All's Well That Ends Well

Arthur Weasley rummaged through the shed in which he kept all of his Muggle things, some of which happened to be illegally charmed, shifting whosits and whazits around to find exactly what Hermione had inquired after. "Is this it?" he questioned, holding up a geometric tube filled with blue water.

"That's a lava lamp, Mister Weasley," Hermione replied mildly, hiding the amusement in her voice and expression. "I'm looking for a television and video cassette recorder. They're both much larger than that."

"Tellie-whazit," Arthur mumbled to himself, setting the 'lava lamp' down (while wondering why it wasn't scorchingly hot as the name suggested) and shifting boxes around in the shed to move further into the back. "What's it look like?" he called, kicking away a bewitched mousetrap which attempted readily to bite at his feet.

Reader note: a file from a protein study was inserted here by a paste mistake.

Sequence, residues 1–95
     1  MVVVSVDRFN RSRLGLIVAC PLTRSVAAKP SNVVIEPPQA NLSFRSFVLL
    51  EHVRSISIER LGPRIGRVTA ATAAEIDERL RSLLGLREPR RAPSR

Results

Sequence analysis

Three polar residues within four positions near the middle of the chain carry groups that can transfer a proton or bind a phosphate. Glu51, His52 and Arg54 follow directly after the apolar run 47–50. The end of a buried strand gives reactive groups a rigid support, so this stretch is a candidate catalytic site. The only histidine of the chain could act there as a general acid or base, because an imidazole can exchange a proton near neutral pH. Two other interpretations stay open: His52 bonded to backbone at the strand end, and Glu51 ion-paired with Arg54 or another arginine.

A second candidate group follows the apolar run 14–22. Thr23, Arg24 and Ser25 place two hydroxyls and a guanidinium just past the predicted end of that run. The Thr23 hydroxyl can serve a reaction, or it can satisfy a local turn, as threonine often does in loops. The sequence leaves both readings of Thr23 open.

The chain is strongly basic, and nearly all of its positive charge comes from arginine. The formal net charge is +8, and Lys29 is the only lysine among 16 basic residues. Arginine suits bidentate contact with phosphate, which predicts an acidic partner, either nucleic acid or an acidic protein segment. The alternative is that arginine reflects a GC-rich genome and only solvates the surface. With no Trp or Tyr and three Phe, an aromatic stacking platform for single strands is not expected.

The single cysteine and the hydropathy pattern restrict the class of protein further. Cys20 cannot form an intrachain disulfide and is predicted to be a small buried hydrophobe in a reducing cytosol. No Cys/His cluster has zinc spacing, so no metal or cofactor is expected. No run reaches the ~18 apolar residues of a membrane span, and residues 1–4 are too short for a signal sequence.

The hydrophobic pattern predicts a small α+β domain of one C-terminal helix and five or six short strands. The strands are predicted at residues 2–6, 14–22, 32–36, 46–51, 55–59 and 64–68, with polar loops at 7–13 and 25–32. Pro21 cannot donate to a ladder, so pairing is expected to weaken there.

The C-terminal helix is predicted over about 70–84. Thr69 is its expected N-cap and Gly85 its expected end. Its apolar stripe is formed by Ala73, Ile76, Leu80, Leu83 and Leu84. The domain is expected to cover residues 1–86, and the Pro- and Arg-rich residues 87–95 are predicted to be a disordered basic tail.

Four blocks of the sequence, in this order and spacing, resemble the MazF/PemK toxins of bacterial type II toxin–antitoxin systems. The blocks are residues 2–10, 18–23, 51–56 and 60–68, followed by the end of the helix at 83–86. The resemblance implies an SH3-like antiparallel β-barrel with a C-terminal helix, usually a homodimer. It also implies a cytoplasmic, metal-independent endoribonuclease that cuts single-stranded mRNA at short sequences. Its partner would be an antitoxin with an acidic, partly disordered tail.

Standing on her toes and holding her wand – which was casting forth light like a beacon – Hermione attempted to see further back in the shed, which was bewitched to have much more inner space than outward appearances foretold, in order to help Mister Weasley locate the two items she needed. "The television's shaped like a box with a glass front. The video cassette recorder is smaller and rectangular, without any glass. Both have knobs and buttons and cords with plugs."

"Plugs!" Arthur shouted with glee. "You know I just found a charm that makes it possible to use all these ecleptic Muggle devices without plugs and batteries? Isn't that wonderful?"

"Yes, Mister Weasley, it is. We can watch this video, then, since there aren't any plugs at the Burrow or batteries enough for the television," Hermione commented, then placed a hand over her mouth to keep herself from giggling at the older Wizard as he rummaged through the boxes and talked at great length about how fascinating it was that Muggles got along without magic.